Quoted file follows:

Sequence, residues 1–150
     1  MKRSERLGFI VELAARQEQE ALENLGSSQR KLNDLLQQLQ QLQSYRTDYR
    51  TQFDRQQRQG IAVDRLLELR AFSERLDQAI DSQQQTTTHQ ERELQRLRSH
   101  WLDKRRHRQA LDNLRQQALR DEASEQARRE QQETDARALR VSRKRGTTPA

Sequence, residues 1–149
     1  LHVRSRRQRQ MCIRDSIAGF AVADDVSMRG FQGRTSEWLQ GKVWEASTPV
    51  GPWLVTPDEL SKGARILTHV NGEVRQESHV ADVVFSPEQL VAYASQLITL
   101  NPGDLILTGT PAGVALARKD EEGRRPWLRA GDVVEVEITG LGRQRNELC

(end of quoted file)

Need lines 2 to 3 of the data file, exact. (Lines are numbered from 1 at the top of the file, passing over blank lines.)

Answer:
     1  MKRSERLGFI VELAARQEQE ALENLGSSQR KLNDLLQQLQ QLQSYRTDYR
    51  TQFDRQQRQG IAVDRLLELR AFSERLDQAI DSQQQTTTHQ ERELQRLRSH